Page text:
It struck me that we’ve been talking to British comics creators this month, telling you about the ones who we’re now representing on our webstore, talking to editors and so on, but I haven’t actually posted a review. Well, since Chris Lynch of the wonderfully monikered Monkeys With Machineguns press kindly sent me a PDF of Making Deals With Devils, their second collection, it’s time to change that.
Making Deals with Devils manages to pack four short, creepy tales into its 36 pages. The tone is set right from the cover, with its skeletal Roman soldier, which has a fine Mike Mignola quality to it I thought (no bad thing since Mignola is one of the best). Each tale is relatively short, but this seems to be no impediment to Chris and partner Stu.art creating a suitably menacing atmosphere, which the heavy-ink, black and white artwork suits perfectly.
Left Behind starts with a man, Mark, in dazed despair, wondering why his partner Kirsty has left him. Slumped dejectedly among packing boxes he muses on why she would leave him, what he did wrong and why she left her cat behind. What looks like being a morose tale of a jilted lover soon takes a more macabre turn when Mark follows the cat hoping to be lead to Kirsty. Again the artwork reminds me a bit of Mignola here, or Steve Parkhouse’s moody style in Angel Fire, while the dialogue is suitably grim:
“There’s something about being left. It’s like finding out you were broken, faulty, when you thought you were working. Suddenly everything inside you feels sour and hollow like a dead fruit.”
Which isn’t to say there isn’t some knowing humour in this collection too, spooky and disturbing as it is. For example, Mark complains that nothing works in the flat, even the knives won’t cut – eyeing the view outside he comments “I guess suicide’s out the window then.” In Thirty Pieces that humour is again evident in a tale of a cab driver suddenly overtaken by supernatural events. Crowded and pursued by spectral Roman soldiers on horseback after picking up the wrong fare, our cabby gets a mite ticked off and decides to sort out these soldiers from beyond, swerving into them. When his passenger screams at him, demanding to know what the hell he’s doing our cabby replies “same thing I’ve been doing for twenty years – driving like I own the road.” There’s a line from someone who has obviously read his fair share of A Cab Driver Writes in Private Eye.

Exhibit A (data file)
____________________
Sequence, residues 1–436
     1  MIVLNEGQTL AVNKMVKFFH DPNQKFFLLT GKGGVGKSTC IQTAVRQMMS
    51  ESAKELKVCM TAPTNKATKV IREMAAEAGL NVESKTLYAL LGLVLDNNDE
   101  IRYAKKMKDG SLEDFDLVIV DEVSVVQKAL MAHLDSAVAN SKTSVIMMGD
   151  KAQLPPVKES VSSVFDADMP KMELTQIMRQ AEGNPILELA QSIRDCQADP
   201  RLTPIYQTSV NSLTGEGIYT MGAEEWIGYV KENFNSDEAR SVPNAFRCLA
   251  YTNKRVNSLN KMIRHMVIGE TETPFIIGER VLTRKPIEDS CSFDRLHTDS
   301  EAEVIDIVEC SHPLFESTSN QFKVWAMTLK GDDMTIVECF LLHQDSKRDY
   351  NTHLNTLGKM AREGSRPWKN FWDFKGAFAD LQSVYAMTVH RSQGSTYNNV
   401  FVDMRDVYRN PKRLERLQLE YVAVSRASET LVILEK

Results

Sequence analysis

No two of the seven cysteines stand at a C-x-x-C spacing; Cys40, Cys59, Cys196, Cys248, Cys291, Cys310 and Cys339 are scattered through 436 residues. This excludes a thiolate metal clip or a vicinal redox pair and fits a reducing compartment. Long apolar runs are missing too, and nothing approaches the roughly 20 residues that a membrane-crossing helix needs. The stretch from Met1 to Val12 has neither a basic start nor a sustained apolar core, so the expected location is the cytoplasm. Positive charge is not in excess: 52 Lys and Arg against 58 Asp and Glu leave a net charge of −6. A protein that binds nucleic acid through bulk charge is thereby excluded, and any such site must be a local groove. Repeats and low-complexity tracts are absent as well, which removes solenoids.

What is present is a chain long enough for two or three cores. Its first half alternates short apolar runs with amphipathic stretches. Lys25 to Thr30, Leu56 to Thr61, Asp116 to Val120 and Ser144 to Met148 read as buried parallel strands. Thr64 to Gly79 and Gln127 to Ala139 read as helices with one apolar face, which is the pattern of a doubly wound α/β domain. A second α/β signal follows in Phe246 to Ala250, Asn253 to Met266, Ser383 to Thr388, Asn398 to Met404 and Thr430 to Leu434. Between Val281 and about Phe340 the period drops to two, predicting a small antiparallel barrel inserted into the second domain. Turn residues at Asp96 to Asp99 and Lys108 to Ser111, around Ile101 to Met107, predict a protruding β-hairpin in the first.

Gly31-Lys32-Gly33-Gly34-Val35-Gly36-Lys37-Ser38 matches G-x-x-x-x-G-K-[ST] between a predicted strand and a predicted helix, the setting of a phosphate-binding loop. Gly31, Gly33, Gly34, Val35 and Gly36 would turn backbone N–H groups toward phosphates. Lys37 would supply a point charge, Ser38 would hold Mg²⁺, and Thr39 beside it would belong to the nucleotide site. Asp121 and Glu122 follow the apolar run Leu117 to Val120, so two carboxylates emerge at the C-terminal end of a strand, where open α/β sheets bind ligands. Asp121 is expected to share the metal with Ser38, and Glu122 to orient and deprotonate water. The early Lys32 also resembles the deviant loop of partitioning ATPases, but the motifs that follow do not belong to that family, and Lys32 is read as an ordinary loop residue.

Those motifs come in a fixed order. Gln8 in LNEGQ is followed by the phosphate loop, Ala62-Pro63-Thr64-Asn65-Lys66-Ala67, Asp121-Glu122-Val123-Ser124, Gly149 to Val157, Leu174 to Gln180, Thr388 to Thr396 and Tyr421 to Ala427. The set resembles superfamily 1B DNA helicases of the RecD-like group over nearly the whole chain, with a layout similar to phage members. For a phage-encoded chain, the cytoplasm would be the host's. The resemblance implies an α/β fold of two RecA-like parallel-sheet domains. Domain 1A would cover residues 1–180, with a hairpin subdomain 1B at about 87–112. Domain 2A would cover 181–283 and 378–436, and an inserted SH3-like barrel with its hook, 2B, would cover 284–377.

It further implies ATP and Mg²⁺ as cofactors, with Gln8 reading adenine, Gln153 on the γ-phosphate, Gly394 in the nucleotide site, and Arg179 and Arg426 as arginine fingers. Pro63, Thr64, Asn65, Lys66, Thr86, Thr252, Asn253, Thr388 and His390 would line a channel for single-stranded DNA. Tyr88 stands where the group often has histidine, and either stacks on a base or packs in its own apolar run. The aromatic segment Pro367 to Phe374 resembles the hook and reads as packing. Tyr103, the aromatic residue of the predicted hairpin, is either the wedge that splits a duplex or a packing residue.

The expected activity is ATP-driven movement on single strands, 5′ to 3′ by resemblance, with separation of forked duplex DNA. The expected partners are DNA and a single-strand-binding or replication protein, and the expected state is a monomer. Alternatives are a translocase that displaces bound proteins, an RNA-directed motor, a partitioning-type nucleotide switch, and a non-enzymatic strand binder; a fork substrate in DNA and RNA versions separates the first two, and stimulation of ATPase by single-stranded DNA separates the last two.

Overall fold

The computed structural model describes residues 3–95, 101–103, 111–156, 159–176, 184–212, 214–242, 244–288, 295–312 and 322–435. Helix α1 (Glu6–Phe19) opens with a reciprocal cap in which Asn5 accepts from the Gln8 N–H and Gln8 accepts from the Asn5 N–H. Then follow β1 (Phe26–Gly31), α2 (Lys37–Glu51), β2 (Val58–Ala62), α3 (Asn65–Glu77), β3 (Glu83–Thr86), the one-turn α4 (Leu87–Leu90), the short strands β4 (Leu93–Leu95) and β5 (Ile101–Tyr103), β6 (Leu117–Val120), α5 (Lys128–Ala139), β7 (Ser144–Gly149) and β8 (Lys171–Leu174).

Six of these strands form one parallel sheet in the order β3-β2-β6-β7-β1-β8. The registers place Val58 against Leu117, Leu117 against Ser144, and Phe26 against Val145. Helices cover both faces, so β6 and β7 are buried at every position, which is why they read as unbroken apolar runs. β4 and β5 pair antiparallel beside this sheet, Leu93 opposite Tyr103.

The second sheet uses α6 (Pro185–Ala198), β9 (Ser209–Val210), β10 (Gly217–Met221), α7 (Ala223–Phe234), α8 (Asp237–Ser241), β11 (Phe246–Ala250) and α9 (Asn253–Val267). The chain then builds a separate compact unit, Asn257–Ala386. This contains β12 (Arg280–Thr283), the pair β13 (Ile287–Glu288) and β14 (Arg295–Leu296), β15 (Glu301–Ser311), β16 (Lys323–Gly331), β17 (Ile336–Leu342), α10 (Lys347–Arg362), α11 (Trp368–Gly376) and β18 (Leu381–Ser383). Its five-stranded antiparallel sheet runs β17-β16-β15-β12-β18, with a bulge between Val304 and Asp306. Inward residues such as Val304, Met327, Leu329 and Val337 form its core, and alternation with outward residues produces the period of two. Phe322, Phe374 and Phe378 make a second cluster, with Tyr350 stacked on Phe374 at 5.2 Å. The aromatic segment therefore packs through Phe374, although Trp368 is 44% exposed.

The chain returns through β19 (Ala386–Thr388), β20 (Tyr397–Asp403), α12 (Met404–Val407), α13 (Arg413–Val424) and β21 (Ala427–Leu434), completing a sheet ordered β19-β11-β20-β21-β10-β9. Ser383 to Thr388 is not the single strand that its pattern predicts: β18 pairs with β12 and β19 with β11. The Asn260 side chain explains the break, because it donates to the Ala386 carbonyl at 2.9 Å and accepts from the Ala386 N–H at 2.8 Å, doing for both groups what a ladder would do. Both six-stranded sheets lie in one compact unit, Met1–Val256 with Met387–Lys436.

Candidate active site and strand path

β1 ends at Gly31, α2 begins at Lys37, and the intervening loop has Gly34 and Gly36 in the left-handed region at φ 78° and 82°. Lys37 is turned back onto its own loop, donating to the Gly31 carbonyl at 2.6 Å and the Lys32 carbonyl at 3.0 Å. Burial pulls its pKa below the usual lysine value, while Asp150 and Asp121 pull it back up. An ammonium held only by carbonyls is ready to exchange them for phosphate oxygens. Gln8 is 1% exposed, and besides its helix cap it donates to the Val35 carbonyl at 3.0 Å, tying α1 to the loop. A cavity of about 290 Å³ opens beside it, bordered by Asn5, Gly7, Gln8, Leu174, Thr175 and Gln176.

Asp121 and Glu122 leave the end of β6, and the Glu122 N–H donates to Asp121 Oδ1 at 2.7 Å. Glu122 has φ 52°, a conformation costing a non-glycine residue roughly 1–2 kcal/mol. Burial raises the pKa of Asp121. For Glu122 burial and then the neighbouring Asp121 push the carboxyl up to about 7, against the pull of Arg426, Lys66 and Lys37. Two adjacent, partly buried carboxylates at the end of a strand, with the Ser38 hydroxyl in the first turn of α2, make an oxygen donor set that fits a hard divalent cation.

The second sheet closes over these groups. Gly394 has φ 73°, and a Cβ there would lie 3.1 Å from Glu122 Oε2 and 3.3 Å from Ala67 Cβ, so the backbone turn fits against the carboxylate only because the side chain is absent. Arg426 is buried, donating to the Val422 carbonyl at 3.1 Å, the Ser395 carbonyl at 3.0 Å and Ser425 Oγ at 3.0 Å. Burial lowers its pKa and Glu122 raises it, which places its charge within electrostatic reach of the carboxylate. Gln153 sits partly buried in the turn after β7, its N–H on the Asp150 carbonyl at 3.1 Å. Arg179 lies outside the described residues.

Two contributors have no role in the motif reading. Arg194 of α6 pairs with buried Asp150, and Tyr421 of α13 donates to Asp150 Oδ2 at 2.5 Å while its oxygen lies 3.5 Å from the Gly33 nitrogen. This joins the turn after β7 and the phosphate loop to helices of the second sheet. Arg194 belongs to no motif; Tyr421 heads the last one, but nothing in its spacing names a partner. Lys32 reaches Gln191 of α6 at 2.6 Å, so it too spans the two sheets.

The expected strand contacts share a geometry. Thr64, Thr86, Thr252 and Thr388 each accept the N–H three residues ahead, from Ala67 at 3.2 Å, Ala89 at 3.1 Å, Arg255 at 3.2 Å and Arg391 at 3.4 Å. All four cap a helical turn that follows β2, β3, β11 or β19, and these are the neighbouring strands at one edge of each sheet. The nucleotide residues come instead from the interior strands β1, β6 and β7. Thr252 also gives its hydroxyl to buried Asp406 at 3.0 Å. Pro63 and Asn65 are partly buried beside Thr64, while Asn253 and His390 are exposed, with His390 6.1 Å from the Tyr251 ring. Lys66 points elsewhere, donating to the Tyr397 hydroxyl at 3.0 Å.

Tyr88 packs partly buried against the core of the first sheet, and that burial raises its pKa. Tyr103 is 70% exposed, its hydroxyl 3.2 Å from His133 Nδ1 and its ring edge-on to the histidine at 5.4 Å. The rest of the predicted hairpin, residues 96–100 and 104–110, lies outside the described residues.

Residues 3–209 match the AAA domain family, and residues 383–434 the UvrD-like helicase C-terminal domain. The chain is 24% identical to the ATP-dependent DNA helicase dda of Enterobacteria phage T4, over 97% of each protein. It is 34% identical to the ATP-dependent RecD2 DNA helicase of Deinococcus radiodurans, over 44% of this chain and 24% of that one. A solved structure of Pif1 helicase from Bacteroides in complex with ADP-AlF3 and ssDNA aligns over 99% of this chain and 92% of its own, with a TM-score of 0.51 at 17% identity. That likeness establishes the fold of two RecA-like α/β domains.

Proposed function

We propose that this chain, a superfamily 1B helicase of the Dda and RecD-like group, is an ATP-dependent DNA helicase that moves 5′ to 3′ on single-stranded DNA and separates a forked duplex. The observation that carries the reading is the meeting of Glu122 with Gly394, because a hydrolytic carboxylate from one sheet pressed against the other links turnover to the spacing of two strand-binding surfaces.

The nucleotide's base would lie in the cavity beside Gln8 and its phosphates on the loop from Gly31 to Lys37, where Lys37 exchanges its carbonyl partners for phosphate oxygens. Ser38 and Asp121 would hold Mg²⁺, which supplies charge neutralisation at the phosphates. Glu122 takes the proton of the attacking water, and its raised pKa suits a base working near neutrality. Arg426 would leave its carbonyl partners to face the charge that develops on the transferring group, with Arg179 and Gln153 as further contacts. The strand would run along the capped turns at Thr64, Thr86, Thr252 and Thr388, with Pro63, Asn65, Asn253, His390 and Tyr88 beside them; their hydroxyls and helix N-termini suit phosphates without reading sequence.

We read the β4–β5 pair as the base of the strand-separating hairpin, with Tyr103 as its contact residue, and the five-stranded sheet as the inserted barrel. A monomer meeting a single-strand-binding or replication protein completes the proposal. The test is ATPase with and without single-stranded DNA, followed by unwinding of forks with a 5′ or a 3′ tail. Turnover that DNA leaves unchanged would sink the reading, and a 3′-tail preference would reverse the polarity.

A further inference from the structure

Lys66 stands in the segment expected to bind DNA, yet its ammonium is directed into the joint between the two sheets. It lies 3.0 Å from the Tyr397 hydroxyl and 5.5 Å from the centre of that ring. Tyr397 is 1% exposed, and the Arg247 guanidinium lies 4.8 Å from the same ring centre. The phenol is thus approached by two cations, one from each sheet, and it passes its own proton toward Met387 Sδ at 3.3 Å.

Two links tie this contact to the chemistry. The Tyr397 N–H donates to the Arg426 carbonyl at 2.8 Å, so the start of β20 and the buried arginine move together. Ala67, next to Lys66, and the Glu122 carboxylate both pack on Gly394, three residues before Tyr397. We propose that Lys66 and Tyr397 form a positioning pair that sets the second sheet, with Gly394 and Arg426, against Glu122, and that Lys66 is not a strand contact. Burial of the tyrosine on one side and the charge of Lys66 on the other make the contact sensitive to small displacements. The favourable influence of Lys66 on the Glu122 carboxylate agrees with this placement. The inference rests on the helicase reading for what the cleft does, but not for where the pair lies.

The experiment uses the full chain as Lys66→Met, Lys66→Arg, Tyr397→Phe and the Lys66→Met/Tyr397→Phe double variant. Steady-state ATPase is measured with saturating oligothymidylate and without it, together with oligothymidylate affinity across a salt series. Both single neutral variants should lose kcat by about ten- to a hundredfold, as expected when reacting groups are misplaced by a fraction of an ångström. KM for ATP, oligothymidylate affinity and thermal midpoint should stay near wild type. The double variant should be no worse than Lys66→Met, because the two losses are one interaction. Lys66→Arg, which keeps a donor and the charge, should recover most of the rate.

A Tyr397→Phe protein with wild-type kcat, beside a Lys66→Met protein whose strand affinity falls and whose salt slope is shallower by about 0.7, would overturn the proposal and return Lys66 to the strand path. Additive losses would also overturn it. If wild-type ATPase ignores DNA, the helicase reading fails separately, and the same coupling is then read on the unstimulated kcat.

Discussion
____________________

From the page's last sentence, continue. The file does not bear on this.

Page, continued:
The Exchange looks to be a straightforward tale of people selling their home, moving on, changing their lives. It is only as the tale progresses that the reader’s suspicions are raised that there is more going on here than a simple real-estate transaction, with the growing menace aided by some nice touches in the artwork, such as a close-up of an old lady’s face, flecked with cake crumbs, which is very disturbing (although damned if I can articulate exactly why, it just is). I can’t really say much more about this one without blowing the ending, but it reminded me very much of the sort of short tale Robert Silverberg used to conjure (again that is a compliment).
The printed version contains a fourth story which I haven’t seen yet, with Wrathbones, the Macabre Machiavelli from Issue #0, now back in the early period of the French Revolution dealing with a desperate nobleman in Deathbeds and Heirlooms. All in all I thought this was a cracking little collection, trading mostly in creepy atmosphere and twists rather than simple gory horror. Much as I enjoyed a nice bit of horror gore from time to time, it is the more atmospheric tale which sticks more effectively in your mind and returns unbidden in the small dark hours of the night when you hear a scratching at the window. I think this will appeal to anyone who enjoyed Angel Fire, Mike Mignola’s work or short spooky tales like those by E.F. Benson. And at a mere £2.39 it is a pretty affordable chance to take, so why not give it a bash?